From The Rock

The Transition: College to Corporate

By | July 08, 2014

Since starting my internship at Obsidian PR, I have realized that although college has taught me a lot of things, it has not prepared me for everything afterward. College has given me the essential tools needed, but now, I just need to figure out how to fully apply them. With my first few weeks coming to an end, I can already tell transition is an ongoing process for everyone. Every day, someone is learning something new. Knowing this, I am more at ease about leaving college for the corporate world.

My final semester at Texas State University will come to an end in December, so I wanted to share a few tips I am going to keep in mind when making the transition from college student to corporate executive.

Schedule: In college, you keep track of the year with semesters and each semester includes several breaks. In the corporate world, there are no breaks other than your one-week vacation. Although it may take a while to get used to, you will realize making a schedule is the best way to prioritize work and free time.

Make a good first impression: Like it or not, judgments are made about you as soon as you walk in the door. If you are going on an interview or a client meeting, dress appropriately and wear a smile. Make eye contact when introducing yourself to clients. Confidence is key. You are not only reflecting yourself, but the company, as well.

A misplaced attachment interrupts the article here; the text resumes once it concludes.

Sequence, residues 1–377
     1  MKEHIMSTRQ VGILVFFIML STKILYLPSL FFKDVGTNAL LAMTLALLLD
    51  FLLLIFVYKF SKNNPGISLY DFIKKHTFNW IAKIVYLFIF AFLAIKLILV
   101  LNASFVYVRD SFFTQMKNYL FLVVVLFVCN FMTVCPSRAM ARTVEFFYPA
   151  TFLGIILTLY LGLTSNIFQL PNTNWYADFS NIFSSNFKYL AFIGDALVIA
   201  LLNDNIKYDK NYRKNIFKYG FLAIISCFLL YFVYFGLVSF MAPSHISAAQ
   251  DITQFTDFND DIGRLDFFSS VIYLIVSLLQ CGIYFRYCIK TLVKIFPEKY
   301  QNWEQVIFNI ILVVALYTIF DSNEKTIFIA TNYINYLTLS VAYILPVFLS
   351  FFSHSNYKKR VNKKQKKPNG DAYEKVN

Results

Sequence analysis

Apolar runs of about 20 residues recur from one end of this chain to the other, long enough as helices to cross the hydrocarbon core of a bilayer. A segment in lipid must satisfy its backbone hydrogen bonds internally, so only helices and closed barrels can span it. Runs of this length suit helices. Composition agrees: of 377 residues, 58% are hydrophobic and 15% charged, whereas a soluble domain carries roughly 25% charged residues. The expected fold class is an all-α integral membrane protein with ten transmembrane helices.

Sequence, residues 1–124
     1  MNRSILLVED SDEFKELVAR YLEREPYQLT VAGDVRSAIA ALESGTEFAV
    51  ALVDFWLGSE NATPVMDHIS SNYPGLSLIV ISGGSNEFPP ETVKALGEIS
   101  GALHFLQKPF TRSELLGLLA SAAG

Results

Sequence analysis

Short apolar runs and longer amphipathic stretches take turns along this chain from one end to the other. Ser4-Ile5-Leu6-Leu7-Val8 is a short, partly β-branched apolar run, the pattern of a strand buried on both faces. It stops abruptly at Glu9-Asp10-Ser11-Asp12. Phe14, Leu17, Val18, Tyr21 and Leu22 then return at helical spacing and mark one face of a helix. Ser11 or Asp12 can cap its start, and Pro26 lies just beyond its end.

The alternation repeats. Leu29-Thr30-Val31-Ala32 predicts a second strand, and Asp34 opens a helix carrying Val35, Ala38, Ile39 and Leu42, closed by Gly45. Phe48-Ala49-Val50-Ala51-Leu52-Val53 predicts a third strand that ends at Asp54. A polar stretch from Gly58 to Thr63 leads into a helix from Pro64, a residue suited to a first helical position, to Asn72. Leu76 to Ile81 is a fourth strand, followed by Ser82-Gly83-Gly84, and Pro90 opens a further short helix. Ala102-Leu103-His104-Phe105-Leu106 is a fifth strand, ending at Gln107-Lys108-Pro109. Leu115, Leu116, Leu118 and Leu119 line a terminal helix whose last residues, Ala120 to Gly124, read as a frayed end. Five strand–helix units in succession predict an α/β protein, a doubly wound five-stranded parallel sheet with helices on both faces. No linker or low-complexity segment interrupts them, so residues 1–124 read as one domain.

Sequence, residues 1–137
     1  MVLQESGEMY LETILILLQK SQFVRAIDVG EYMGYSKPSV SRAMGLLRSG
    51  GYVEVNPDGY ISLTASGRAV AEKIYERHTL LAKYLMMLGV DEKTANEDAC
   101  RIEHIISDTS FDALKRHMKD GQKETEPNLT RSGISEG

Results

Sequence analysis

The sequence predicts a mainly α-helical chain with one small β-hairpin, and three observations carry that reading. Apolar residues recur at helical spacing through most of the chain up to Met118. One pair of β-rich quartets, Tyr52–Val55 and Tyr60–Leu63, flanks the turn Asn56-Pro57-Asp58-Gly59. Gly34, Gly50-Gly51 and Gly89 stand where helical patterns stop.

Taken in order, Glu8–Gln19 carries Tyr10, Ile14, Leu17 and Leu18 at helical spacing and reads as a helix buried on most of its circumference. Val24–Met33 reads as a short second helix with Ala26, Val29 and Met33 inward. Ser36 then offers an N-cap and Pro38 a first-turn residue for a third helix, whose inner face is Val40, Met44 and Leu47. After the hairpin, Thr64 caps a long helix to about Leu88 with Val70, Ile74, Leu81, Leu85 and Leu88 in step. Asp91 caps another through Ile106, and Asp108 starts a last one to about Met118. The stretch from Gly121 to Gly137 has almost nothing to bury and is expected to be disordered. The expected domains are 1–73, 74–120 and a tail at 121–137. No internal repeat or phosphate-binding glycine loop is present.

Be on time: In the PR profession, time is money. Arriving late to a prospective client meeting could cost your company the sale. This also applies with deadlines. When a client is relying on you to have something done at a certain time, make sure that you prioritize your schedule to do so.

Manage finances: Time and time again, my parents have told me that once I start paying my own bills, little things like eating out every day will soon come to an end. Just after my first week at Obsidian, I have already learned this lesson. Eating out for lunch every day would cost me at least $35 per week. Once you’re paying your own bills and realize how precious $35 is, you will soon learn to cut that luxury out.

Ask questions: Simple as that. I have been told several times in my internship to ask as many questions as I want about each assignment given to me. Believe me when I say that your boss would rather you have that assignment right the first time than having to ask you to rewrite it all.

Regardless of which guide you follow, the transition is going to be tough. Just remember that you are not the only one learning something new.

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